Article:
Bentley made Audi's domination of the event over the past three years look plain ordinary. The Speed 8s were driven flat out for the best part of 24 hours, yet experienced not a single major mechanical problem between them and completed the race with only the most minor hiccups.

What's more, the hopes of the three customer Audi teams of being able to keep up with the faster British Racing Green coupes - courtesy of better tyre wear and fuel consumption - went out of the window almost immediately. The Speed 8 drivers were able to triple-stint their narrow tyres and, if they so desired, could make a 90-litre tank of fuel last for 14 laps - just one fewer than the German cars.

This was Bentley's race from the outset, but at least a race is what it remained. The British manufacturer may have had things all its own way, but there was no sign of any team orders, even in the closing stages, as Team Bentley allowed two evenly matched crews to fight it out almost to the end.

This race was effectively decided in the pits. Rinaldo Capello, Tom Kristensen and Guy Smith had a near-perfect run through the 24 hours in the number 7 car. Johnny Herbert, David Brabham and Mark Blundell, meanwhile, had a series of minor glitches that left them playing catch-up almost from the beginning. They were unlucky to lose vital seconds early on, but their two-lap deficit to the winning car came courtesy of a pair of stops - one after 13 hours, the other after 17 - at which the battery needed changing.

Capello converted pole position into leadership of the race, though it was Herbert who led into the first round of pitstops. The former grand prix driver nipped past his former Audi co-driver on his in-lap, only to find himself back in second after his team--mate stopped two laps later.

Herbert repeated the trick at the end of the next stint, again one lap before pitting. Brabham took over and found himself behind the number 7 Bentley after Capello took over from Kristensen, and then fell further behind when he returned to the pits a couple of laps later - the door headrest had worked loose and was dangling disconcertingly in the cockpit.

The number 8 Speed 8 may have been stationary for only a handful of seconds, but the Australian now found himself the best part of 40 seconds behind four-time Le Mans winner Kristensen. That was less than a fifth of the time it was taking a Speed 8 to lap the 8.5-mile Le Mans track last weekend but, in the context of two near identical racing cars being driven hard by six of the world's top sportscar drivers, it was a veritable country mile. The race was not two hours old, yet the number 7 car would never be headed again.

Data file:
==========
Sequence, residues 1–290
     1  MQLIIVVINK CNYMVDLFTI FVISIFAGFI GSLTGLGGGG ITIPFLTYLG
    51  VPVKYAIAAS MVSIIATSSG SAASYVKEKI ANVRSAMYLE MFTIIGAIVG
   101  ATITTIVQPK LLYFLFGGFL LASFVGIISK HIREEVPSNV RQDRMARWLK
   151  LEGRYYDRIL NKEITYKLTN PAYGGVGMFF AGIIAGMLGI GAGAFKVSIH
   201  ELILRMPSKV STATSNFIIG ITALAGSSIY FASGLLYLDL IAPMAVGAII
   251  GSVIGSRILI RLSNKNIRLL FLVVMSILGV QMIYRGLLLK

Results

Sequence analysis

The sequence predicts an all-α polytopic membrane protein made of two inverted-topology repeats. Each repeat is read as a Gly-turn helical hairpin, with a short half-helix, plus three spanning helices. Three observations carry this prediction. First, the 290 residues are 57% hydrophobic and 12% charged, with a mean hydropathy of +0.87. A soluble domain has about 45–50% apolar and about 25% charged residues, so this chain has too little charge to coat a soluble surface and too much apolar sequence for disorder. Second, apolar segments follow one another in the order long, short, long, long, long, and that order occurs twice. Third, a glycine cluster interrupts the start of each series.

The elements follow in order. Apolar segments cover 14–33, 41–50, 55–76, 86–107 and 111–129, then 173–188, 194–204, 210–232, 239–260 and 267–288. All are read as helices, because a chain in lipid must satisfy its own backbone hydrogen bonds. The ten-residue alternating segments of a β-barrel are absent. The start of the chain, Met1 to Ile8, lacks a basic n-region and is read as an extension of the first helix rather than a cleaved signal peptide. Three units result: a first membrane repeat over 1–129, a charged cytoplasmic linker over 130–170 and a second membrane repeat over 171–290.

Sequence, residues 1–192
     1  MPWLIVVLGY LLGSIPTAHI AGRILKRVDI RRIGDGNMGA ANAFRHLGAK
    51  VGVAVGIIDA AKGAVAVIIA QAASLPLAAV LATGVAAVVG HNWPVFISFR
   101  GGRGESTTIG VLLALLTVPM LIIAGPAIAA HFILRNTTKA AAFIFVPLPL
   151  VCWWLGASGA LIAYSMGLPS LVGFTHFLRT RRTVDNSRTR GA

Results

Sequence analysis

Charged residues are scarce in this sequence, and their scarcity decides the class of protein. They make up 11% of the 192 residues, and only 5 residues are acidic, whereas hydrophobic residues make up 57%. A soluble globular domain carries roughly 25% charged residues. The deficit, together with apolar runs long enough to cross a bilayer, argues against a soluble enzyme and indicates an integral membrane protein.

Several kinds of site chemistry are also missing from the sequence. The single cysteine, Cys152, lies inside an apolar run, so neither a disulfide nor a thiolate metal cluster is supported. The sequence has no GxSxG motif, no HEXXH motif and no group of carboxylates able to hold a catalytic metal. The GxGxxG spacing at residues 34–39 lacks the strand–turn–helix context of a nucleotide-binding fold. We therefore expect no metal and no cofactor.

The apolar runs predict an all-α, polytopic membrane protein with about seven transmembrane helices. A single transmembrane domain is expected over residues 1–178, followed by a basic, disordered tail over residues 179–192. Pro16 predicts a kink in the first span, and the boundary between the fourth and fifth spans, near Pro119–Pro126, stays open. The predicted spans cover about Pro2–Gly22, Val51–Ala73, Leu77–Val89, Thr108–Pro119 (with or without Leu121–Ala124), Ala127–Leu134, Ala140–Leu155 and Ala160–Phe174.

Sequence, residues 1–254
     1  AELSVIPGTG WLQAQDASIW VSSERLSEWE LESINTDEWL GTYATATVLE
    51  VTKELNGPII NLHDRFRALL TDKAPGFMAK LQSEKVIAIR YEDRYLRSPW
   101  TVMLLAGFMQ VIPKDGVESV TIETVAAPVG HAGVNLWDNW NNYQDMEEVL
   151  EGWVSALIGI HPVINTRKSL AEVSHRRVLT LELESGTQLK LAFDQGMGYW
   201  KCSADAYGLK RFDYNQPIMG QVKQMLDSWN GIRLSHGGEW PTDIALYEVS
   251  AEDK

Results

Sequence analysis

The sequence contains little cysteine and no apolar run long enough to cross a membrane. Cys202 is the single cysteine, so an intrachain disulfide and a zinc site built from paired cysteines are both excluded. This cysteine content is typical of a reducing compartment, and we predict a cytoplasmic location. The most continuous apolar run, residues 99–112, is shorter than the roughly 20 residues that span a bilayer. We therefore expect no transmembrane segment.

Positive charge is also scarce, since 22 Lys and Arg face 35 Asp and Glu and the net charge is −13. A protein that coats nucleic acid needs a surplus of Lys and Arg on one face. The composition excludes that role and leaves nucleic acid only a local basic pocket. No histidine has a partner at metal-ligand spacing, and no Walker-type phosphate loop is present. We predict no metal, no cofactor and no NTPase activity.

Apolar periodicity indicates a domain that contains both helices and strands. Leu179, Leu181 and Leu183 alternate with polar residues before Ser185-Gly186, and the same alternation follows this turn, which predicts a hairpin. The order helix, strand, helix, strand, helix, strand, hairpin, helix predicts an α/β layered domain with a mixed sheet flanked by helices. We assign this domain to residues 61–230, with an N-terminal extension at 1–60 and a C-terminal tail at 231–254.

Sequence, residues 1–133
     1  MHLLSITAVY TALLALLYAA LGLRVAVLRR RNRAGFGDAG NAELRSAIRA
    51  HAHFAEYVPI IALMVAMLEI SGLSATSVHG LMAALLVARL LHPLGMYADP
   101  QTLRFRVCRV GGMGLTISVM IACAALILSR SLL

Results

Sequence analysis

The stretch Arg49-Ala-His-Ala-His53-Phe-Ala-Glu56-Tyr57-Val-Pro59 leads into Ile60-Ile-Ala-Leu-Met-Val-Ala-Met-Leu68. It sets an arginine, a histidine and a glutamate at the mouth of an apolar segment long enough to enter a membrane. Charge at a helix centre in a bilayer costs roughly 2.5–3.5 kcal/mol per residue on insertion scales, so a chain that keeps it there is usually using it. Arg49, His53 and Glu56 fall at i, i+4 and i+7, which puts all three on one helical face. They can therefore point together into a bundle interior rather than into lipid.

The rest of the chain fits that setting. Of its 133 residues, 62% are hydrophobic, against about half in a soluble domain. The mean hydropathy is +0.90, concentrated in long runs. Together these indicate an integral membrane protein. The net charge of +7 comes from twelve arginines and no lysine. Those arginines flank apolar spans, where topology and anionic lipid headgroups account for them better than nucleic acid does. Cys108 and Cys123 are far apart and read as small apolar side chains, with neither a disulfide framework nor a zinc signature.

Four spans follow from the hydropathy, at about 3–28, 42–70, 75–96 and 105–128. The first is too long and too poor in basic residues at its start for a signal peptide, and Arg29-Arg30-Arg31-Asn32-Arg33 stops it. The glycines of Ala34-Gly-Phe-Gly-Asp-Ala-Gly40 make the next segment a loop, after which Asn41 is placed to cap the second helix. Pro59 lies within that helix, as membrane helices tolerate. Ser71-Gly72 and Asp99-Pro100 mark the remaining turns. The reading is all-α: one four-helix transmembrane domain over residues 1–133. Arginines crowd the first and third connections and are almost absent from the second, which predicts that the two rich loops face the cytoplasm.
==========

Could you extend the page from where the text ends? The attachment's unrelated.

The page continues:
The gap grew again early in the fourth hour. Brabham handed over to Blundell after a double session, but Kristensen stayed on board for the first Bentley triple of the race. The Dane now had more than a minute in hand, and that turned out to be crucial when the safety car came out midway through that hour.

Such is the length of the Circuit de la Sarthe that no fewer than three course vehicles are deployed when the race goes yellow. Blundell was behind the second safety car, which didn't pull off the track until a good 20 seconds after the first. The yellows should have reduced the gap between the two Bentleys; instead they extended it to well over two minutes.

Briton Smith climbed aboard number 7 shortly after the yellow-flag period. He got a new set of Michelins, which allowed Blundell to close to within lm40s of the leader. The former Champ Car race winner men then set about whittling away Smith's advantage and had reduced the margin by more than 20 seconds by the time he handed back to Herbert.

Herbert closed to within 30 seconds of Capello, until more seconds were lost in a pitstop.

One of the wheelmen, on hand to change tyres just in case, got jumpy at what was proceeding as a fuel-only stop. He undid the left rear, which then had to be retightened. More seconds went west.

Shortly afterwards, Herbert and co came as close as they would ever get to retaking the lead. Kristensen took over from Capello on schedule, but now it was the number 7 car's turn to have a delay, though it was barely worthy of that description. The water system of the Speed 8's Audi-built V8 engine had overpressurised and a handful of seconds were lost while the system was bled.

Brabham closed to within 25 seconds, but Kristensen had his measure and edged away until the next round of stops. The increasingly de rigueur lead of about lm40s was re-established when Brabham came in seven laps later.

That remained the typical gap until 5.00 in the morning. Blundell had seen the electrical system's voltage fall over the course of the stint and a new battery was required. The car was halted for more than five minutes and put the number 7 Bentley a full lap ahead, an advantage that would be doubled four hours later when a second battery change was required.